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Alone Together: Coronavirus Around the World (Catalonia, Spain)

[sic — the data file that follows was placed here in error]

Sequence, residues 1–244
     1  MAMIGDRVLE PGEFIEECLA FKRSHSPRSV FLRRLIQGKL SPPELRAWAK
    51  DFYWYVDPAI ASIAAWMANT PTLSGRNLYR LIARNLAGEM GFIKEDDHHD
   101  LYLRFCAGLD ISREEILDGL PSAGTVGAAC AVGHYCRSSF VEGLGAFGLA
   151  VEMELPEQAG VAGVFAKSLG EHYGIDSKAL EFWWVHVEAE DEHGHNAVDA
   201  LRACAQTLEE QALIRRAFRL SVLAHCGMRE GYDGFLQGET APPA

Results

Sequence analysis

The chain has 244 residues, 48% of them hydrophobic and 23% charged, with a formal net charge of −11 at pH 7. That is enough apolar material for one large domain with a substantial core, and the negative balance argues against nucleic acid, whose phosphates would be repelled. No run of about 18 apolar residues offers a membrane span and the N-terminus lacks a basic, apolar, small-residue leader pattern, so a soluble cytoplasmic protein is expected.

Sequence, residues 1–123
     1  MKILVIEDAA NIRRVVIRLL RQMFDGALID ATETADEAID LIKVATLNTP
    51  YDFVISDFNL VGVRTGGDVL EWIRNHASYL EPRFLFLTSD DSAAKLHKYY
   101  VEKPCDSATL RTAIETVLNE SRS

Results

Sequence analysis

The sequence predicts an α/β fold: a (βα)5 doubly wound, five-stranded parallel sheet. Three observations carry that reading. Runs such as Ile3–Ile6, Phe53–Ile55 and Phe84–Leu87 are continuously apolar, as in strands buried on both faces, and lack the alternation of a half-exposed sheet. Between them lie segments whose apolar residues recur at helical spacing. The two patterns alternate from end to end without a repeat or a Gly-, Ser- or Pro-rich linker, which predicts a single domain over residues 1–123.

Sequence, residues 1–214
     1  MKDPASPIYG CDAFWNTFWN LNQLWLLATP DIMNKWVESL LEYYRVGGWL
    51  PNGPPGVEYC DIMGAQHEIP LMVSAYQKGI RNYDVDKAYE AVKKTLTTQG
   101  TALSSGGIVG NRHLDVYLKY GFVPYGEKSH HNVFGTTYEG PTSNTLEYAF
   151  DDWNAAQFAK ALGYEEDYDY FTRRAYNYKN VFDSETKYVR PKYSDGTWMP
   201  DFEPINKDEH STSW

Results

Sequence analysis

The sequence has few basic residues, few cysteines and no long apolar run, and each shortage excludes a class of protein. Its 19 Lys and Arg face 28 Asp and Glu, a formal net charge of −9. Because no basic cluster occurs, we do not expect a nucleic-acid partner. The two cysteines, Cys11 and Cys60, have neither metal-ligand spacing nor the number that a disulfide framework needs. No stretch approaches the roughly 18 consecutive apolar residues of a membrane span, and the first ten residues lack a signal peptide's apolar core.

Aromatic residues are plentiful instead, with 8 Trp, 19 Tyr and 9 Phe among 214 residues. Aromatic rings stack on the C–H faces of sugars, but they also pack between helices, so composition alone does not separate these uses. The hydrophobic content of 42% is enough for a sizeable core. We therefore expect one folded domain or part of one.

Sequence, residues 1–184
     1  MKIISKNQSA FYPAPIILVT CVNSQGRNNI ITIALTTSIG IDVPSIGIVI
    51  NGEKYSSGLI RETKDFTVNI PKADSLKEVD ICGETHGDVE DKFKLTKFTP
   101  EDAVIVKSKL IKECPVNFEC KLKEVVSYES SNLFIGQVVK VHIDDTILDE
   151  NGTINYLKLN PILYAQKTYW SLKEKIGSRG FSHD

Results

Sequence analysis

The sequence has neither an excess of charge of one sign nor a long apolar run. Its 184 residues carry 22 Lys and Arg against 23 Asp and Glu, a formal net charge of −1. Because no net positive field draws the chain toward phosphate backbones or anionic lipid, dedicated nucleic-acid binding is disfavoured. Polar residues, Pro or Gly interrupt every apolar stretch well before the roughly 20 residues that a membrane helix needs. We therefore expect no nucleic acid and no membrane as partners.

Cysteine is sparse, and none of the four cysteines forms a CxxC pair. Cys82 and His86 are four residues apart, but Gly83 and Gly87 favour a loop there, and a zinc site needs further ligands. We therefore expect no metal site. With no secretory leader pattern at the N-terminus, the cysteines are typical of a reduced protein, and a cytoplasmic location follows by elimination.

Intro CopyThe world has never been so united, even if that uniting force is isolation. This post is the first in a series created by CultureGrams editors that features first-hand accounts of the effects of the coronavirus pandemic on individuals in different countries. Today's installment is written by Neus, a woman who lives in a small town called La Garriga, outside of Barcelona in Catalonia, Spain. In Catalonia we have officially been confined since Friday, March 13th. In our home we are four adults and one dog confined. It took us a week to come up with a protocol that would make us feel as safe as possible. It includes a lot of cleaning and disinfecting and minimum physical contact with the outside world. Everything that comes from the outside is thoroughly washed, everything. Even though we are allowed to walk our dog, we decided to take her out only once a day, leashed at all times and avoiding contact with other dogs and people. We wash her paws and tail after every walk. We try to keep her busy in the house at other times and we are so grateful that she is so peaceful and sleeps so much. Also, to avoid going out to the stores, we decided to buy our food from local businesses that make home deliveries and an online supermarket. So far this is working out and we enjoy very healthy and satisfying meals. We have discovered a few interesting local businesses that we didn’t know previously. We continue as much as we can with our jobs from home, although one family member has seen most of her business stop because of the confinement. We all have different exercise routines that we do at home and try to stay healthy by also spend a little time every day on the patio or the terrace in the sun. We all have very busy days and are happy to be together, although we listen to the news with a mix of sorrow and hope. All in all, we are fine. A bit anxious but keeping a positive mindset. We hope that this is over soon and that we can go back to our lives and projects. As far as a larger community perspective goes, there are shared fears and annoyances. People are afraid of this unknown, silent and invisible threat. For some, home confinement is very annoying, as many people live in small apartments. Everyone has someone to miss these days, and we all wonder how long we will have to be confined and whether life will be different forever. Many people are losing their jobs and wondering when they will get them back. People wonder why there isn't an international body to coordinate a global emergency response. What is the role of the WHO? And the EU? But on a positive note, people are responding very well, keeping confined at home and following the government's recommendations. They are grateful to medical workers, who are now considered heroes. Thousands of grassroots initiatives have arisen to fulfill medical needs at hospitals and homes for the elderly. These include making masks and protective gear. Lots of volunteers are helping at medical facilities. Finally, a lot of people are taking home confinement as an opportunity to learn new skills. There are many online options. Cooking, yoga, gymnastics, board games, reading, and music are some of the activities people are enjoying. Also, parents are enjoying quality time with their children. Homeschooling and online classes are common.